B.C. Greens call for halt on logging Island old-growth

Published: May 14, 2019
Posted in: News Coverage
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Times Colonist
May 14, 2019

The provincial government should immediately halt the logging of old-growth forests on Vancouver Island, the B.C. Green Party said Monday. However, B.C.’s minister of forests rejected a moratorium, saying it would be devastating for the Island’s forestry workers.

In the legislature, the Green Party called on the government to impose a moratorium on old-growth logging and develop more sustainable forestry practices that protect vital ecosystems.

The call comes amid uncertainty around the B.C. government’s plans to log 109 hectares of old-growth forest near Juan de Fuca Provincial Park.

“Our coastal old-growth is not a renewable resource — and there’s not much left,” Sonia Furstenau, Green MLA for Cowichan Valley, said in a statement. “These globally rare ecosystems support threatened species — including wild salmon — and keep our water and air clean.”

Furstenau said the government should protect the last few remaining intact old-growth forest “hot spots” on Vancouver Island and transition to second-growth logging, which focuses on cutting trees that have regrown after a timber harvest.

“Logging old-growth is short-sighted,” said Furstenau. “It jeopardizes the job stability, local economies, and ecosystem health.”

Forests Minister Doug Donaldson said more than 500,000 hectares of old-growth forests on Vancouver Island are already protected in provincial or national parks or other designated areas.

“Over half the old-growth forests on the coast of Vancouver Island are protected. So we have a lot of old-growth forest protected already,” Donaldson told the Times Colonist. “And the remainder of the areas that are being managed, if we implement an immediate moratorium in those areas, the impacts to the forest sector on Vancouver Island would be devastating.”

There are 24,000 people who work directly in the forestry sector and many of those people would lose their jobs if a moratorium is imposed, said Donaldson, adding there are not enough second-growth trees to replace old-growth cutblocks.

Last week, the Ministry of Forests confirmed that a controversial plan to log old-growth forests near Juan de Fuca Provincial Park had been postponed for a second time following a public outcry.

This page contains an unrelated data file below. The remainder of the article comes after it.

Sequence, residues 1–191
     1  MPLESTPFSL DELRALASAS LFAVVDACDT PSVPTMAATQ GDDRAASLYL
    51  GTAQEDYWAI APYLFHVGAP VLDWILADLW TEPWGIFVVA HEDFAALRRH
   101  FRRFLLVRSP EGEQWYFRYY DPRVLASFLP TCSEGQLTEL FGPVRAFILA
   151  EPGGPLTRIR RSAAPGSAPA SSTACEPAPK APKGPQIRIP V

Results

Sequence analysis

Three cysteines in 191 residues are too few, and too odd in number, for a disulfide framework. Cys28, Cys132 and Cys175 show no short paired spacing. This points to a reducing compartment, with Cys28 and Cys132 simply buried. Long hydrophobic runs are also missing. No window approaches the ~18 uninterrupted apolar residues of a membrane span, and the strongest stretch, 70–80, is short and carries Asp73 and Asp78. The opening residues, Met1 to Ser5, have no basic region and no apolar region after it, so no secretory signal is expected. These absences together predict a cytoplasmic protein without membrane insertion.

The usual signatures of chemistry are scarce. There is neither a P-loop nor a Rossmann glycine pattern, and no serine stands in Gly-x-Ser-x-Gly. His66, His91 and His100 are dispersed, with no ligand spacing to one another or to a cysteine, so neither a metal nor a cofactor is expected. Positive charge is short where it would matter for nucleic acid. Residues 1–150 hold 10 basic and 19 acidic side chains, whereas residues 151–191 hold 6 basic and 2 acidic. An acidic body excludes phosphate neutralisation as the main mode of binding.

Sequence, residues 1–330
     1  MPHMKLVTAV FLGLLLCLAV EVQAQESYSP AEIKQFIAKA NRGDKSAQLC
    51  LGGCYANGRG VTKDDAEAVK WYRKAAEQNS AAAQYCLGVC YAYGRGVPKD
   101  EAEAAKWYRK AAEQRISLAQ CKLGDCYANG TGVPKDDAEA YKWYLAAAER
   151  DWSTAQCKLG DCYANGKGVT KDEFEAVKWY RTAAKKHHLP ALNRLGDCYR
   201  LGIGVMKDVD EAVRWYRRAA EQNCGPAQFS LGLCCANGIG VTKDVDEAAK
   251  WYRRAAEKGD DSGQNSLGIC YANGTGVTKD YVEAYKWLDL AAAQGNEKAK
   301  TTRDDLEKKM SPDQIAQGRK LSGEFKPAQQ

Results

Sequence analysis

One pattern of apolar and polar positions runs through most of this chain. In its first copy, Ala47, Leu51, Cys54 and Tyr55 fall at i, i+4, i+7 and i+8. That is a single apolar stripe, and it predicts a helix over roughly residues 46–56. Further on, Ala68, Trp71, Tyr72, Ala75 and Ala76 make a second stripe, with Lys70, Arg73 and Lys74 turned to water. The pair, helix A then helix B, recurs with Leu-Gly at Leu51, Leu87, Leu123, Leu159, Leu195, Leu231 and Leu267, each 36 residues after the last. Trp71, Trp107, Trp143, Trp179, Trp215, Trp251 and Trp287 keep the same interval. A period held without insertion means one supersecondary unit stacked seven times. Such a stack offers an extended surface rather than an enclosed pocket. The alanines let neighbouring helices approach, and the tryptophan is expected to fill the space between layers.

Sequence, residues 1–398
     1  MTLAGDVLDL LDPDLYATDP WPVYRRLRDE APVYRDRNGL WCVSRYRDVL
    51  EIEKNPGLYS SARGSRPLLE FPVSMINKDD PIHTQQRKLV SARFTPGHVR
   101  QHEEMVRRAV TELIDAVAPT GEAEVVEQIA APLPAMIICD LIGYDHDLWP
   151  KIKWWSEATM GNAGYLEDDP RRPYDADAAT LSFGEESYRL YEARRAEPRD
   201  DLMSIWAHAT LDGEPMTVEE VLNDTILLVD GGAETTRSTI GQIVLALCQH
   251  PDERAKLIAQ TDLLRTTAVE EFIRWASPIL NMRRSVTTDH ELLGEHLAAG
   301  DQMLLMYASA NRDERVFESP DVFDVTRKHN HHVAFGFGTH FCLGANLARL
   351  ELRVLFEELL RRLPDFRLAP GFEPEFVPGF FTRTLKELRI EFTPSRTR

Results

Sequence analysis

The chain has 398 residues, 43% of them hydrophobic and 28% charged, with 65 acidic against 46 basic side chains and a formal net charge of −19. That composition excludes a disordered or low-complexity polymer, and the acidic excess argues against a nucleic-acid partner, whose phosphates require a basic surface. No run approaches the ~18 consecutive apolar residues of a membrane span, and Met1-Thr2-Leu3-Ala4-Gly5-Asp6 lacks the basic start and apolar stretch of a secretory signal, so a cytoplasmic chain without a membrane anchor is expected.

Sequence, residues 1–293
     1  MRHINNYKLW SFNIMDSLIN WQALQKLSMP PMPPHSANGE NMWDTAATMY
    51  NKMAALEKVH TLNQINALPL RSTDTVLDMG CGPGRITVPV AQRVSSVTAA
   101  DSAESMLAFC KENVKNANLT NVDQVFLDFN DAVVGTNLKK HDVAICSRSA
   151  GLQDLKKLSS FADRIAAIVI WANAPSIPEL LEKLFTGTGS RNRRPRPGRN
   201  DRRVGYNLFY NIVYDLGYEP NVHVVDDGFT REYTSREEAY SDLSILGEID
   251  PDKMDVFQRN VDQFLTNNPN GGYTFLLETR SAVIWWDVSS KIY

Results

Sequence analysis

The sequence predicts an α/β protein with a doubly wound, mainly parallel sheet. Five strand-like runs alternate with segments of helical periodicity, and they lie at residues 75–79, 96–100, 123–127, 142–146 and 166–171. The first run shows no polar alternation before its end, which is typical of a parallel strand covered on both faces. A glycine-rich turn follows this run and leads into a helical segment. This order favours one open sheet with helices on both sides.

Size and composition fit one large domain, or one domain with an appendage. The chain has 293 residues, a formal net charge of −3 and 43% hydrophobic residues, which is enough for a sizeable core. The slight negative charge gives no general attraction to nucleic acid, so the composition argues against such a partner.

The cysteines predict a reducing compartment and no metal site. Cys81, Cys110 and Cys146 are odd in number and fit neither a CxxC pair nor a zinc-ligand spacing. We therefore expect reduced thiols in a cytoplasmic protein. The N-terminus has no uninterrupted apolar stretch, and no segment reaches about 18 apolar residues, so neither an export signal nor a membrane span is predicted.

The ministry said B.C. Timber Sales, a government agency, had pulled its advertisements for the auction of 109 hectares of forest in seven cutblocks — including two that come within 50 metres of the park.

The ministry said it needed more time to engage with a local stakeholder who was missed during the initial referral process.

Jon Cash, co-owner of Soule Creek Lodge, received an email from B.C. Timber Sales saying the sale had been “postponed/ removed” to allow for more engagement with the lodge.

Cash has said the noise of chainsaws and road blasting will be devastating for the lodge, which is located near the proposed clearcuts.

Donaldson said the ministry also plans to investigate information provided by environmental groups that there are legacy trees — particularly old and large trees — in the cutblock.

“Best practices of B.C. Timber Sales is to preserve those legacy trees, so that’s why the timber sale was taken off B.C. Bid,” Donaldson said.

The Port Renfrew Chamber of Commerce decried the original logging plans, saying clear-cutting the forests would do irreparable harm to tourism in a region that has branded itself Canada’s Tall Tree Capital.

The Green Party says 79 per cent of the original productive old-growth forests on Vancouver Island have been logged, including 90 per cent of the valley bottoms where the largest trees grow. Despite that, B.C. Timber Sales continues to auction off the remaining Crown-owned old-growth for logging.

Green MLA Adam Olsen, the party’s forestry spokesman, acknowledged the importance of forestry jobs, but said thousands of jobs have been lost over the decades due to poor forestry management.

“We want high-paying jobs that are not vulnerable to boom-bust economics,” he said. “There are mills on Vancouver Island that can only process old-growth.

“But old-growth is a finite resource, and most of it is already gone. That means those forestry jobs are at risk.”

In February, environmental advocacy group Sierra Club B.C. delivered a petition signed by 20,000 British Columbians to five NDP MLA constituency offices, including the Vancouver-Fairview office of Environment Minister George Heyman.

In June 2018, 223 scientists from nine countries signed a letter urging the provincial government to take immediate action to protect B.C.’s temperate rain forests.

The B.C. Greens say they’ve received more than 20,000 emails from British Columbians asking why the province fails to protect old-growth trees.

In the next six months, Donaldson said, the government will begin a public consultation process with First Nations groups and communities across Vancouver Island as it develops a sustainable forest management plan.

Last year, the NDP government protected an additional 70,000 hectares of old-growth forests on southern Vancouver Island and the southern mainland to ensure an undisturbed habitat for marbled murrelet and coastal northern goshawk, Donaldson said.

An additional 1,000 hectares of old-growth Douglas fir was also protected on the east side of Vancouver Island.

Furstenau said the government is inflating the amount of old-growth forest that is protected.

“The government cannot continue to talk about a future strategy while actively logging these endangered forests,” Furstenau said. “They must act now, or British Columbians and future generations will suffer consequences.”


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